The Rohingya question in India: How many of them are here, and what is their status? Seven have been repatriated Thursday, what happens to those who remain in India illegally?
Under what circumstances were seven Rohingya repatriated from India to Myanmar Thursday?
The Rohingya, Muslims from Rakhine province on Myanmar’s western coast, started arriving in sizeable numbers in India’s Northeast in late 2011 following stepped-up persecution by the Myanmar armed forces. The seven men were arrested in 2012 for having entered India illegally. The Chief Judicial Magistrate, Cachar, convicted them of violating The Passport (Entry into India) Act, 1920, and sent them to prison for three months, followed by detention pending repatriation. The men had been lodged at the Silchar Central Prison in Assam ever since.
The state shared details about the individuals with the Ministry of External Affairs (MEA), which verifies nationality through foreign missions and embassies. Myanmar confirmed their identities and issued them travel documents; meanwhile, the seven men, too, requested the Myanmarese embassy in India to facilitate their return, according to an MEA statement.
After reconfirming their willingness to be repatriated, on Wednesday, India moved to send them back. The seven men were handed over to the Myanmarese authorities at the Moreh border in Manipur Thursday after the Supreme Court declined to intervene in the process.
Who is an illegal immigrant in India? How is an illegal immigrant different from a refugee?
An illegal immigrant can be (i) a foreign national who enters India on valid travel documents and stays beyond their validity, or (ii) a foreign national who enters without valid travel documents. India is not a signatory to the 1951 United Nations Convention and 1967 Protocol Relating to the Status of Refugees, and it does not currently have a national law on refugees. In 2011, the Union government circulated to all states and Union Territories a Standard Operating Procedure to deal with foreign nationals who claimed to be refugees.
Cases that can be prima facie justified on grounds of well-founded fears of persecution on account of race, religion, sex, nationality, ethnic identity, membership of a particular social group or political opinion, can be recommended by states or Union Territories to the Union Home Ministry for a long-term visa (LTV) after due security verification. LTV-holders are allowed to take up private-sector employment and enrol in any academic institution.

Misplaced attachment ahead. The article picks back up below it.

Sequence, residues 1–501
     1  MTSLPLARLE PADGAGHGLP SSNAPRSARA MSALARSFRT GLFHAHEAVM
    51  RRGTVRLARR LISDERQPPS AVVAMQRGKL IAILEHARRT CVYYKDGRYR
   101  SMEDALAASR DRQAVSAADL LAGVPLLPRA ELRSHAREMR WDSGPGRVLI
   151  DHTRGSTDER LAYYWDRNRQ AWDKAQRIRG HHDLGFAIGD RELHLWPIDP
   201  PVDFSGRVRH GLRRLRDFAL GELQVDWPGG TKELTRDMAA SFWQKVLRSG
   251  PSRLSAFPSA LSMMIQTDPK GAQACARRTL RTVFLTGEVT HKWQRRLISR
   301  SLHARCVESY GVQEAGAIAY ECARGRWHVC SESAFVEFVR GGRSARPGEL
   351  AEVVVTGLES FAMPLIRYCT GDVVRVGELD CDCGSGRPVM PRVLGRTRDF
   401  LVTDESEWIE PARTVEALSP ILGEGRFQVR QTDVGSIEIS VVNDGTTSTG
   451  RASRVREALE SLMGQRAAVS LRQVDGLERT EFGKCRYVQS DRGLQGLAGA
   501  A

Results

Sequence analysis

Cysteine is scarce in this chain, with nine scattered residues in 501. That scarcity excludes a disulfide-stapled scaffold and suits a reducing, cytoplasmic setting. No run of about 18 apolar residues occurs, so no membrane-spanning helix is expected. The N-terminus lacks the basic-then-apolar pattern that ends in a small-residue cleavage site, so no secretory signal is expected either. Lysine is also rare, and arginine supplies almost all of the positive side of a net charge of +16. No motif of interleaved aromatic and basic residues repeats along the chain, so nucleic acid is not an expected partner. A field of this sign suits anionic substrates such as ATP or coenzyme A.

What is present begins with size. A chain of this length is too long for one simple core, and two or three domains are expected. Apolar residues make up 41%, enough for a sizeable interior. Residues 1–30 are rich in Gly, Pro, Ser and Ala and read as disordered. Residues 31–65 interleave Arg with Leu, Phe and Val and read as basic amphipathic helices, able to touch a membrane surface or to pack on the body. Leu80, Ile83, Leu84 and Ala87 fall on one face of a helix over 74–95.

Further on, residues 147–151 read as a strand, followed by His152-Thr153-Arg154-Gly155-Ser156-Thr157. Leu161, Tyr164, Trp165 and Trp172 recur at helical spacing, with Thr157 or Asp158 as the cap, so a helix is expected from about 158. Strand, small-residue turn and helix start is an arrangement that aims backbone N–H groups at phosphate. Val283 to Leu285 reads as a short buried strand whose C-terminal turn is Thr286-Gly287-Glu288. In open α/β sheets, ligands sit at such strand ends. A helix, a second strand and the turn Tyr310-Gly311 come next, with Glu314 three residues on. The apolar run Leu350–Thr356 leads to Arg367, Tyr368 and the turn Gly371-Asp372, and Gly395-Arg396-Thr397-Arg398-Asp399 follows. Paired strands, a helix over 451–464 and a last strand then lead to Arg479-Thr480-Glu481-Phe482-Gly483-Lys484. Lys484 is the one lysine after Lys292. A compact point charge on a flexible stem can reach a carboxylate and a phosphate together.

What about illegal migrants?
In the view of the Indian government, illegal migrants “infringe on the rights of Indian citizens” and are “more vulnerable for getting recruited by terrorist organisations”. Section 3(2)(c) of The Foreigners Act, 1946, gives the central government the right to deport a foreign national. The power to identify and deport foreign nationals who are in India illegally has been delegated to state governments, Union Territories and the Home Ministry’s Bureau of Immigration. Illegal immigrants who are intercepted at the border while entering India unauthorisedly can be sent back then and there.
According to the government, the Mission Mode Project on Immigration, Visa and Foreigners Registration & Tracking (IVFRT) will facilitate improved tracking of foreigners by integrating and sharing information captured at Indian missions during the issuance of visas, during checks at Immigration Check Posts (ICPs), and at Foreigners’ Regional Registration Offices (FRROs).
How many Rohingya are currently in India? In which parts of the country are they concentrated?
As per Home Ministry data, there are more than 14,000 UNHCR-registered Rohingya in India. However, security agencies estimate the number of Rohingya living illegally in India at 40,000. There are clusters of Rohingya population in Jammu, Hyderabad, and Delhi-NCR, besides the states of Haryana, UP, and Rajasthan. The UN says the Indian government has an international legal obligation to acknowledge the institutionalised discrimination, persecution, hate and human rights violations the Rohingya face in their country of origin, and to provide them with necessary protection.
Does Thursday’s Supreme Court order mean more Rohingya could now be sent back to Myanmar?
No. The Supreme Court’s refusal to intervene Thursday does not impact the challenge it is hearing to the Centre’s August 2017 order on the identification and deportation of illegal immigrants. That plea deals with India’s obligations under international human rights conventions. However, those already declared illegal immigrants or foreigners without valid documents could face action as per the laid down procedure under The Foreigners Act, 1946.
Has India sent back any other foreigners as well?
Bureau of Immigration data show approximately 330 Pakistanis and approximately 1,770 Bangladeshi nationals have been repatriated during the last three years. On February 24, 2016, the government told Parliament that in 2014, West Bengal had arrested 3,724 foreign nationals under various sections of The Foreigners Act, 1946, and for violating Immigration Control Rules and Regulations, followed by Tripura (1,713), Tamil Nadu (639), and Maharashtra (228). As of December 2014, 28,356 foreign nationals were found to be overstaying illegally in India. In 2017, the Bangladesh government verified the nationalities of 52 individuals lodged in various detention camps in Assam, and issued travel documents for their repatriation.
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